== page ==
First Batch Of US-Based RNLAF F-16s Return To Europe

F-16AM J-010. (All images, credit: APS)

RNLAF F-16s deployed to Tucson to train Viper pilots, are on their way back.

On Jul. 29, 2022, the Royal Netherlands Air Force (RNLAF) flew the last F-16 mission from Tucson International Airport/Morris ANG Base. The Dutch had 11 F-16 Fighting Falcon jets (5x single seater F-16AMs and 6x two-seat F-16BMs) deployed there to carry out training of Viper pilot as part of an international training agreement that came to an end as the RNLAF started the transition to the new F-35A Lightning II.

The F-16s, assigned to the 148th Fighter Squadron were initially thought to be destined to reinforce the fleet of one of the ADAIR contractors, but the revision of these contracts put a termination to this sale. Therefore, the aircraft are being ferried to SABCA in Belgium, for possible overhaul and storage or pending sale to a new operator (apparently to Bulgaria).

Interestingly, until Dec. 13, the Dutch Ministry of Defence (MoD) still reported that the aircraft were to be sold to Draken International, and the Dutch Government informed the Parliament that the contract with Draken was just put on “stand by“. We will see whether the rumors about the possible sale to the Bulgarian Air Force turn out to be true.

On Dec. 13, the first batch of 6x F-16s being ferried over from Lakeland, Florida (home of the Draken International, where the aircraft reportedly were being tested before joining the fleet of the Red Air contractor), landed at Lajes Field, Azores.

The Vipers were supported by U.S. Air Force KC-10A #87-0117 radio callsign RCH81.

The supporting KC-10A #87-0117.

For the records here are the serials and callsigns:

J-004 tail code AZ F-16AM NAF312
J-067 tail code AZ F-16BM NAF313
J-018 tail code AZ F-16AM NAF314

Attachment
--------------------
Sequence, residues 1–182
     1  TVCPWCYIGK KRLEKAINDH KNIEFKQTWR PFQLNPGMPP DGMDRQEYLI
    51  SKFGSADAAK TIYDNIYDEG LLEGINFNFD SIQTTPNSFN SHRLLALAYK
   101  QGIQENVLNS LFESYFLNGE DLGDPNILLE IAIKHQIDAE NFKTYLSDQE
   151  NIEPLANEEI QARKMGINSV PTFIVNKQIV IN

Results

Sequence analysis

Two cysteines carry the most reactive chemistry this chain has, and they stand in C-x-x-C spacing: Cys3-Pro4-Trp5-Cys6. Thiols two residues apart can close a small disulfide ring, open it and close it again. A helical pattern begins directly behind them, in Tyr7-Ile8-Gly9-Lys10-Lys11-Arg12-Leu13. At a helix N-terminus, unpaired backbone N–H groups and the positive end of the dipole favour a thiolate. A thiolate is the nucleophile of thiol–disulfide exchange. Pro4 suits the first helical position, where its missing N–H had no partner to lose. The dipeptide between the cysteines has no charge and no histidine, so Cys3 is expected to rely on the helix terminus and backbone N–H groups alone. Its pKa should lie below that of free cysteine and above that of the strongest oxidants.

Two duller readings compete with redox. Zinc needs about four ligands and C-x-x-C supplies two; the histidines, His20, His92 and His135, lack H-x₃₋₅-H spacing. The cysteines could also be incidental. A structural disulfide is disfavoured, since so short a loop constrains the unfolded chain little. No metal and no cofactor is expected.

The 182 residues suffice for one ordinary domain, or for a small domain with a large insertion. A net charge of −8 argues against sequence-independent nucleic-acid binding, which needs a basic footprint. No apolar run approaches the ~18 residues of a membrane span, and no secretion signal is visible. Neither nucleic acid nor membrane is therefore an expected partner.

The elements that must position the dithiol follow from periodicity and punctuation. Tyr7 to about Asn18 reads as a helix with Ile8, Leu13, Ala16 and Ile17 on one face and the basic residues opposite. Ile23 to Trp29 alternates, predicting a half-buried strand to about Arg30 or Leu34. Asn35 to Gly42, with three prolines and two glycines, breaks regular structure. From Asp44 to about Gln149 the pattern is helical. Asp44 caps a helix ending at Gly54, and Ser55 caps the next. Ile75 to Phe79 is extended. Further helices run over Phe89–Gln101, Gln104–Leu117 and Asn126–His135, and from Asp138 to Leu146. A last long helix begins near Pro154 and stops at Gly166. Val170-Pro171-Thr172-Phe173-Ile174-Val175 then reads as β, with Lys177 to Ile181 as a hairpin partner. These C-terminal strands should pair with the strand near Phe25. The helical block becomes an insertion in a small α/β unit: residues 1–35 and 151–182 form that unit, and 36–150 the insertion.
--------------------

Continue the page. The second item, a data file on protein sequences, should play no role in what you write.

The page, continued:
J-210 tail code AZ F-16BM NAF315
J-064 tail code AZ F-16BM NAF316
J-010 tail code AZ F-16AM NAF317 marked “148FS”

Note: NAF 316 declared in flight emergency due to technical problems, was met by the fire department upon arrival. On Dec. 14, it was towed to a Portuguese AF hangar for attention by maintenance personnel.

On the morning of Dec. 15, four jets departed at around 10.00z. These were J-010, J-210, J-067 and J-004 with J-018 and J-064 left behind. The remaining five are still in the U.S. waiting to do the crossing.

About David Cenciotti
David Cenciotti is a journalist based in Rome, Italy. He is the Founder and Editor of “The Aviationist”, one of the world’s most famous and read military aviation blogs. Since 1996, he has written for major worldwide magazines, including Air Forces Monthly, Combat Aircraft, and many others, covering aviation, defense, war, industry, intelligence, crime and cyberwar. He has reported from the U.S., Europe, Australia and Syria, and flown several combat planes with different air forces. He is a former 2nd Lt. of the Italian Air Force, a private pilot and a graduate in Computer Engineering. He has written five books and contributed to many more ones.